LONGITUDE: Your books blend travel writing with biography and memoir. How do you categorize your work, and what role does place play in your writing life?
LAING: Place is key to me—it plays a substantial role in all my books. As for category, I like to burst them open and rove between them. I suppose hybrid is the word that makes the most sense to me.
LONGITUDE: Do you prefer to travel in groups or alone? What are the advantages of each?
LAING: Pretty much always alone. I travel a lot, especially to America, and I really like the experience of being out of place in some way, even if it's uncomfortable. It makes me much more alert and observant, which is vital for writers.
LONGITUDE: You write, "In certain circumstances, being outside, not fitting in, can be a source of satisfaction, even pleasure." Are there positive aspects to loneliness? What is the difference between loneliness and solitude?
LAING: Solitude can be a very happy, contented state. Loneliness is very different. It can affect people who are alone, or who have friends, even people in relationships. It's really about feeling that you lack intimacy and closeness, that you're not as connected as you would like. It's a very difficult, painful state, at least partly to do with the shame that accompanies it. It's that shame I'm trying to dispel. Loneliness is painful, yes, but it's also an ordinary human state, and has all kinds of interesting elements if you can just stay with the feeling.
LONGITUDE: How did your British nationality influence your experience of New York City?
LAING: Quite a lot really—I talk in the book about the experience of being misunderstood repeatedly because of my accent, and how difficult that was during an experience of loneliness, when you're so hyper-sensitive to not fitting in. Loneliness is very much like feeling foreign, an alien, and so being a stranger did intensify it.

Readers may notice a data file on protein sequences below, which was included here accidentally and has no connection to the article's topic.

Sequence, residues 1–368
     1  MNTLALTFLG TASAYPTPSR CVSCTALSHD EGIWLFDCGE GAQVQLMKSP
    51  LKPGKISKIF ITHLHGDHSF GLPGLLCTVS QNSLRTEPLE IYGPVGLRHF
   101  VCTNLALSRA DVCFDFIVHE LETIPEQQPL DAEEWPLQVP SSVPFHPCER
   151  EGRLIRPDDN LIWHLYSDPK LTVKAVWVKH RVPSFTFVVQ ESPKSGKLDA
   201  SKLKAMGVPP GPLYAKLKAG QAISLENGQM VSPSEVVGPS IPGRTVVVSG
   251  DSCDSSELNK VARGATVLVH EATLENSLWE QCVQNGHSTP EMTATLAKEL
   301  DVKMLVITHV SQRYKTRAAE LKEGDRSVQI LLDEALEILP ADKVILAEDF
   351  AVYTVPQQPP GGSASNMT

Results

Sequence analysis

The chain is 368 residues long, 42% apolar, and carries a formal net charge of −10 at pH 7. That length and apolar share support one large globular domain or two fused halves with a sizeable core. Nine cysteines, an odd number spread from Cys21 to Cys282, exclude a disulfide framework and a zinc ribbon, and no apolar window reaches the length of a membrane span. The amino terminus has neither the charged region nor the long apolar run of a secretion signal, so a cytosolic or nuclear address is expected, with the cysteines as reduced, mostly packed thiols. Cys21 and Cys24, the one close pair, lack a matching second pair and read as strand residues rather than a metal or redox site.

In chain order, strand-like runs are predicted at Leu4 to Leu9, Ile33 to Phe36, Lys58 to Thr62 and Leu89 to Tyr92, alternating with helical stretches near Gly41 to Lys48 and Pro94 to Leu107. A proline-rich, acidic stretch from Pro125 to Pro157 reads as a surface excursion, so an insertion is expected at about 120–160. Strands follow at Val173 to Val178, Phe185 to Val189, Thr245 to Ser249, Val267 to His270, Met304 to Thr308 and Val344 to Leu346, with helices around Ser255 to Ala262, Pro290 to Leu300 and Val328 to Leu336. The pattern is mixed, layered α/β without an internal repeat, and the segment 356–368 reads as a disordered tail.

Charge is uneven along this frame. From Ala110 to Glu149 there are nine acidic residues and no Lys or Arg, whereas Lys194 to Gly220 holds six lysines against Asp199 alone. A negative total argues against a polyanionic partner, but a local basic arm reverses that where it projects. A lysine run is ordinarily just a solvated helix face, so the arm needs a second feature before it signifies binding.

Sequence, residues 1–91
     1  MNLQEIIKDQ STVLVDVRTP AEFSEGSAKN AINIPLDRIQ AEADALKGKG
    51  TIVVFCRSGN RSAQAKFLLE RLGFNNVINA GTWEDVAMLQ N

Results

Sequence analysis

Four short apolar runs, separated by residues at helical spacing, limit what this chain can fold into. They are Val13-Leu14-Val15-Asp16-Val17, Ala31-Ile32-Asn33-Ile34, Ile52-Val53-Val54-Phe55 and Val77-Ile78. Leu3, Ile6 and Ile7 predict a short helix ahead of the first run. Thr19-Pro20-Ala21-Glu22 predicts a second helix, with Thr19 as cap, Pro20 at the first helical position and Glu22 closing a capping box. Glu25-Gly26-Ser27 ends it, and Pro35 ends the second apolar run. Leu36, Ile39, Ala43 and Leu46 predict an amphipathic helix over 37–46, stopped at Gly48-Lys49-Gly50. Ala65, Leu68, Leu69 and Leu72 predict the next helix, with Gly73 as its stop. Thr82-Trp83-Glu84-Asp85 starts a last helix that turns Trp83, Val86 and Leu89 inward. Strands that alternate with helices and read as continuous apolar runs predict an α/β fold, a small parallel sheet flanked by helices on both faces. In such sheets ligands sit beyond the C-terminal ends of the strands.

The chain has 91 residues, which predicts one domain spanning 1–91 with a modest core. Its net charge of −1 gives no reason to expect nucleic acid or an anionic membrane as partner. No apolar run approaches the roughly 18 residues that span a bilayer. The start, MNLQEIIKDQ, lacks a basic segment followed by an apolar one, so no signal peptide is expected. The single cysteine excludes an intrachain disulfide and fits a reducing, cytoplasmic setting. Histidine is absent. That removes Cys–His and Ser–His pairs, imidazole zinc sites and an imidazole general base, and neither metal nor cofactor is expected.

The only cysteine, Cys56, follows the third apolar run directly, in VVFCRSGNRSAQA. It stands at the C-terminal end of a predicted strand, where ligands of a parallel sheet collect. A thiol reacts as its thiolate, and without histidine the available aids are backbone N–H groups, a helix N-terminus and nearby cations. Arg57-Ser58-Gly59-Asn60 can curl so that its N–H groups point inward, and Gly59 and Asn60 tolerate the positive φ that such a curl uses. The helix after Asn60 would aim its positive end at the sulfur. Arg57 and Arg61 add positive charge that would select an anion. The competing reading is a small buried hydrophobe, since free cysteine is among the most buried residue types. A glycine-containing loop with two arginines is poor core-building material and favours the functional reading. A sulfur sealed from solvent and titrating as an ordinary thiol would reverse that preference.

LONGITUDE: Window seat or aisle?
LAING: Aisle in the day, window at night.
LONGITUDE: You explore the city through some of its outsider artists, many of whom created out of the space of loneliness. How did researching the artists inform and enhance your experience of the city?
LAING: While I was working on the book, I spent months in artists' archives, including Andy Warhol, Henry Darger and David Wojnarowicz. They were such rich, extraordinary places, and they helped humanise the city for me, to make me realise it was full of remarkable ghosts.
LONGITUDE: "Marooned inside this unnatural landscape," you write of your apartment in Times Square, "I could have been anywhere at all: London, Tokyo, Hong Kong, any of the technologically modified cities of the future." The same might be said of the days spent surfing the Internet, looking for connection. How has technology changed not only our relationship to others, but also to the places we inhabit and travel through?
LAING: We use the internet so much to protect us from the risks of unfamiliarity. I refuse to have a smartphone—I like discovering cities the old-fashioned way, by stumbling across places by happenstance. Getting lost, meandering, following your nose: that's my favourite way of travelling.
LONGITUDE: What advice do you have for solo travelers who might fear loneliness as they explore cultures other than their own?
LAING: That there's no shame in loneliness, that other people are probably feeling it too, and that being open and not closing down is the best way of handling unfamiliar experiences.
LONGITUDE: What books do you recommended reading before traveling to New York?
LAING: Ooh! Sarah Schulman's Gentrification of the Mind, David Wojnarowicz's Close to the Knives and Andy Warhol's Diaries, for starters. I could go on forever though.
For more recommended reading on New York City click here.